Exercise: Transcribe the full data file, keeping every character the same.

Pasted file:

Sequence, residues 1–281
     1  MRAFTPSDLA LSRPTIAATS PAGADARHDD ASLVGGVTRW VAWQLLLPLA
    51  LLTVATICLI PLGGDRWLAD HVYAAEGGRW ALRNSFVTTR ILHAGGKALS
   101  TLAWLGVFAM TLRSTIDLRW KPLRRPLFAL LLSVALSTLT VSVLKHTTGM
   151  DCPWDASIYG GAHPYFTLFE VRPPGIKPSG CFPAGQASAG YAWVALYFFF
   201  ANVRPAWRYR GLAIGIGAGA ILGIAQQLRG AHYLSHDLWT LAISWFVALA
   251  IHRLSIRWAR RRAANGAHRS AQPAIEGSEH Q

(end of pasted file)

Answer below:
Sequence, residues 1–281
     1  MRAFTPSDLA LSRPTIAATS PAGADARHDD ASLVGGVTRW VAWQLLLPLA
    51  LLTVATICLI PLGGDRWLAD HVYAAEGGRW ALRNSFVTTR ILHAGGKALS
   101  TLAWLGVFAM TLRSTIDLRW KPLRRPLFAL LLSVALSTLT VSVLKHTTGM
   151  DCPWDASIYG GAHPYFTLFE VRPPGIKPSG CFPAGQASAG YAWVALYFFF
   201  ANVRPAWRYR GLAIGIGAGA ILGIAQQLRG AHYLSHDLWT LAISWFVALA
   251  IHRLSIRWAR RRAANGAHRS AQPAIEGSEH Q